Dr. Campbell said the new system already has gone live in the Buffett Cancer Center’s research database and is being tuned to go live in its EHR system. Because of the common international technologies in the system, Dr. Campbell said it will be compatible with any health system in the country.
James Campbell, M.D., professor of internal medicine for UNMC, also played a key role in developing the breakthrough system. Named a fellow in the American College of Medical Informatics in 2012, Dr. Campbell has devoted more than 30 years of his career to development of a standardized EHR system and has been recognized internationally and in Nebraska for his efforts. He is no relation to Dr. Scott Campbell.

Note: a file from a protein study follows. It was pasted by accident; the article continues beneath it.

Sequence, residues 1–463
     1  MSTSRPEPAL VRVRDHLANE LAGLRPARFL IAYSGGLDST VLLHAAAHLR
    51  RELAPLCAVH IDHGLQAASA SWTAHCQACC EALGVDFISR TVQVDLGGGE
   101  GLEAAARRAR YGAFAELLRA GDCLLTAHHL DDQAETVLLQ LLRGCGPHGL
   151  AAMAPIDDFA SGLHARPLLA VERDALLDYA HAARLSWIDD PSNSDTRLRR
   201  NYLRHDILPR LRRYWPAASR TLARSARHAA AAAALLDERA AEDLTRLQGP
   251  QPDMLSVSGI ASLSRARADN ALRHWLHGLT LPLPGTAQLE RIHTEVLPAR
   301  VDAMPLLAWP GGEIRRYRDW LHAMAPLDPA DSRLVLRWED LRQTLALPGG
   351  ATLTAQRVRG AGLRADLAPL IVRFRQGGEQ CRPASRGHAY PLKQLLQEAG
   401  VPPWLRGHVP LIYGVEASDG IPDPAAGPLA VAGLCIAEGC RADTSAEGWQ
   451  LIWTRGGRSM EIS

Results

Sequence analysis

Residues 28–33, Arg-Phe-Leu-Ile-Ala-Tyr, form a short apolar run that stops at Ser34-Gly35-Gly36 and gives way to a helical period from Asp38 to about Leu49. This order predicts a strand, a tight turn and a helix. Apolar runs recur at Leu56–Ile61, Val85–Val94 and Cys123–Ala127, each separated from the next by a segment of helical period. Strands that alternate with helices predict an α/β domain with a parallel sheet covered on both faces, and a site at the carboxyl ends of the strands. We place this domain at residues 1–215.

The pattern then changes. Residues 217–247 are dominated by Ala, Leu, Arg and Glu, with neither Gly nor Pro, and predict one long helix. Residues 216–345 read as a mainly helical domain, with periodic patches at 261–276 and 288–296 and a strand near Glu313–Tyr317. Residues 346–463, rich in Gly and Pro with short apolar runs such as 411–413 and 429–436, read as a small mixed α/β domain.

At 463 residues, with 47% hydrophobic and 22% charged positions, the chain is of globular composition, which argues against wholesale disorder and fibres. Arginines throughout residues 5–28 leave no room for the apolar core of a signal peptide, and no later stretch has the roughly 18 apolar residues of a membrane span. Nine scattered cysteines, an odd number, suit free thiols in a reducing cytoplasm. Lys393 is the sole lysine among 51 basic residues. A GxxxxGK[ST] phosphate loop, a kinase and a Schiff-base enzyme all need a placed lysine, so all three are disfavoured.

It had been thought this new system would require new technologies, such as FHIR (Fast Healthcare Interoperability Resources), and thus wouldn’t become widely available for several years.
To accelerate the new process, GenomOncology, working in collaboration with the Buffett Cancer Center, developed a proprietary software program called GO-Connect. The program converts complex genetic testing results into a format that is easily incorporated into EHR systems for ongoing patient care.
GO-Connect can act as a “molecular hub,” receiving gene variant information from a variety of data sources and transmitting the data to both the EHR and other data repositories. The system is configurable to meet each client's specific requirements and provides rapid integration with any EHR using technologies currently available.